Second, quick wins are rarely game-changing. They are not the 10X improvements that data science can often provide when it’s done correctly. Let’s say that as a result of Alice’s work, new lemonade stands are 5% more profitable. That’s a very good result, and impactful to the business. But now, we cannot blame people for thinking that incremental improvements are what data science is good for. Because Bob made the investment to hire Alice, and she generated a 5% boost in profit, we can’t blame Carol for thinking that this is the level of impact that can be expected from data science teams. People’s expectations become anchored on incremental improvements.

Third, a similar anchoring happens with respect to investment in data science. Alice chose this initial project because it didn’t require a lot of time, money, or personnel. So again, we can’t blame Carol if she starts to think that data science doesn’t require much investment.

So Alice’s quick win has backfired. Even though it was intended only to be the business’s initial foray into data science, and even though the project was successful, it has now become more difficult to do data science in the long run. Alice risks being dragged into low-impact, incremental work in an organization that becomes steadily less likely to make the necessary investments in data science.

In my experience, this is a very common failure mode for new data science teams. Businesses invest in data science because it promises to be transformative. But instead, it turns into nothing more than a shiny new way to do the same dull stuff, providing merely incremental improvements in efficiency. And this long-term failure sneaks up on people because it’s the result of repeatedly succeeding in generating quick wins.

Avoiding the Pyrrhic victories of quick wins

I said earlier that the quick win strategy can work. And it can. But you have to think long-term, even as you aim to generate short-term results.

The key to avoiding this trap is to build a long-term plan into the quick win project. Make the quick win an incremental step toward a larger, truly transformative goal.

Let’s return to Alice. Suppose she had gone to Bob with the following proposal:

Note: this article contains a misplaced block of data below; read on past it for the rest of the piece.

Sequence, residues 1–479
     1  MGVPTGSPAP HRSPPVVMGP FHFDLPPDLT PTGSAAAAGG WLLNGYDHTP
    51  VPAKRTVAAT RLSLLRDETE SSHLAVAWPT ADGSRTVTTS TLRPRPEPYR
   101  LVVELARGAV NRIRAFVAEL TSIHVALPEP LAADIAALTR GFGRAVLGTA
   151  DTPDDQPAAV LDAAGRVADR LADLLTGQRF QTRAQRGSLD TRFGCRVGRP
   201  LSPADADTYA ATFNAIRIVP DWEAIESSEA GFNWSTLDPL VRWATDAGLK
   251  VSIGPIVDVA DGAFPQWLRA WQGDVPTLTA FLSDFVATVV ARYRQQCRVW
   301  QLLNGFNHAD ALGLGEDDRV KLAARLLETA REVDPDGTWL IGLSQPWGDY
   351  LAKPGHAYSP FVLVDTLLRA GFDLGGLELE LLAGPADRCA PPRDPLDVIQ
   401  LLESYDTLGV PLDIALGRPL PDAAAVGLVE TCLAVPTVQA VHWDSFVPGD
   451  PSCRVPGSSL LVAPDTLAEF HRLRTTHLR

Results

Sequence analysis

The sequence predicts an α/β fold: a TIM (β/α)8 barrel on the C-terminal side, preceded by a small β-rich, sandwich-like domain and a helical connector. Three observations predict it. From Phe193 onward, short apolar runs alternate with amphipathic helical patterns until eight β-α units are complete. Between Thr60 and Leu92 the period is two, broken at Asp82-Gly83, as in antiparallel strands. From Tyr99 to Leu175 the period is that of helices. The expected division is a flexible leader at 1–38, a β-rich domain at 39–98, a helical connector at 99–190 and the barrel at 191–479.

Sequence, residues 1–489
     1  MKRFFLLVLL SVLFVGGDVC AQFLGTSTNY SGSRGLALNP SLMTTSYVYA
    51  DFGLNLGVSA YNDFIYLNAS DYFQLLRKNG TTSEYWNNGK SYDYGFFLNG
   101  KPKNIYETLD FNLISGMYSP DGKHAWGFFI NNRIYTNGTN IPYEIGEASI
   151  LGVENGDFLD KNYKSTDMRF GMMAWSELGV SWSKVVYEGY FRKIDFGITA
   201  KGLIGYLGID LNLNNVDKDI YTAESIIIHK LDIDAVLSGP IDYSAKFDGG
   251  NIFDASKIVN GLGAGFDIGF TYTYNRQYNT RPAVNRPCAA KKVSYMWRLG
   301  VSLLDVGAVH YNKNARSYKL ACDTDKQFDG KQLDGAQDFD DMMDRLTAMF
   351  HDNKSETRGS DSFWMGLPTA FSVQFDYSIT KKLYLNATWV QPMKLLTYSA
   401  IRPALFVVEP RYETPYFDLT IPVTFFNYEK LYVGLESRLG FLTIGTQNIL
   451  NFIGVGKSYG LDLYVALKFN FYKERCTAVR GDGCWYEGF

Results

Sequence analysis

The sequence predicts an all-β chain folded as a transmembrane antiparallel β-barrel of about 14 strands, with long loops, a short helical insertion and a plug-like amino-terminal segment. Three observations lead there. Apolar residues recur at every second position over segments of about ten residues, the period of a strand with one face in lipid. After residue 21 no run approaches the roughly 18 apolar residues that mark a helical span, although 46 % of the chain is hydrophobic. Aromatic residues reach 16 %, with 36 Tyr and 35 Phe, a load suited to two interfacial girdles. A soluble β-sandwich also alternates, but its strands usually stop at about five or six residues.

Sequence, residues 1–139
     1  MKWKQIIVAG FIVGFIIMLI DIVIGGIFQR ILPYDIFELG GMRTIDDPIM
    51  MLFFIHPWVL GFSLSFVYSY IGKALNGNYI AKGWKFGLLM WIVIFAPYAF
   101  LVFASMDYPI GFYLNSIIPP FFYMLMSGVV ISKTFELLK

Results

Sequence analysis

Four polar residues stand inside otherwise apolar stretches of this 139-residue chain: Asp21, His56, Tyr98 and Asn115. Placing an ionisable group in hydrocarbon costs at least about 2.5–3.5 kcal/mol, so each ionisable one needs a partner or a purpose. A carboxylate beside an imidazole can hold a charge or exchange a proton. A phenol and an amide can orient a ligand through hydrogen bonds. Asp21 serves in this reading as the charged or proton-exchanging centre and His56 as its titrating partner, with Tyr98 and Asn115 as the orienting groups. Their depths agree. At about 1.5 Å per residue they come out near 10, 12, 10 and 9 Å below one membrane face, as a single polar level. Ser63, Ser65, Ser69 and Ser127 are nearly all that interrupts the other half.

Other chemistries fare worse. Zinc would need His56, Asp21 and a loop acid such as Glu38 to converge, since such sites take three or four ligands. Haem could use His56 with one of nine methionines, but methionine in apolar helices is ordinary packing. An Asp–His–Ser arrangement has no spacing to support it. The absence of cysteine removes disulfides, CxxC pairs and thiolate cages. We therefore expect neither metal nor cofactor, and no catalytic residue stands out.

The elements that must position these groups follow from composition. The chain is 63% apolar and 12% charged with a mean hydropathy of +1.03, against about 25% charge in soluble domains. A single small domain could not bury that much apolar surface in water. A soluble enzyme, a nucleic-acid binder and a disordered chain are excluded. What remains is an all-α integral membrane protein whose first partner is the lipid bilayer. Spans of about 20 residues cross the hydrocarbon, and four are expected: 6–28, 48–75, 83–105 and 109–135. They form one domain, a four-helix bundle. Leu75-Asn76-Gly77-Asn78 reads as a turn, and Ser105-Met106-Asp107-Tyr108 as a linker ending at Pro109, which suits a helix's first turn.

“Our biggest expense is the high cost of sugar. If we optimize our supply chain and bidding process for sugar, we can transform the business. We’ll need real-time intelligent bidding, just-in-time delivery based on dynamic demand forecasting, and smart routing of deliveries to our lemonade stands.

We’re not in a position yet to do that. But we can take a step toward that goal by optimizing the locations of new lemonade stands. That way, when we get to the point where we can optimize our supply chain and delivery network, the lemonade stands will be in locations that are best suited for those changes.”

Then Alice can do the same quick win project as before. Along the way, she’ll create a tidy increase in profits for the business. But now the lesson that people learn is totally different. If Alice does a good job of continually reinforcing her long-term vision for the company, people will see her work as just one step toward a much more ambitious goal. The quick win can be leveraged into a compelling argument for making the investments Alice needs in order to transform the business.

In short, this is the way to avoid having a quick win backfire into a long fail. But in order to pull this off, everyone has to be much more strategic from the outset. Here are a few specific tips:

  1. Establish a partnership between data science and the people who understand the opportunities for long-term transformation. Data scientists need to learn to listen to those people so they understand where the long-term opportunities are for 10X improvements.
  2. Pick a quick win project because it’s a step toward that goal, not just because it could generate some value quickly. If you can’t frame your quick win in terms of moving toward a long-term goal, then it’s not the right project. This may mean your quick win isn’t quite as quick as it could be. But that’s okay.
  3. Relentlessly reinforce the vision. Talk about the long-term transformation every time you report on the status of the project. People who aren’t used to thinking about data science need to have the vision reinforced. Help people understand that their jobs might change significantly and that this is a good thing.


In short, avoiding the trap of the quick win requires two elements. First, you need to focus on the long-term, transformative goal even as you try to sell a project that has limited scope. Second, even as you focus on the short-term work, you have to help everyone keep their eye on the long-term vision by consistently reinforcing the message that this is only one step of a long journey. The end result is an opportunity for major transformation and some fascinating data science along the way.

Zac Ernst is Head of Data Science at car insurance startup Clearcover.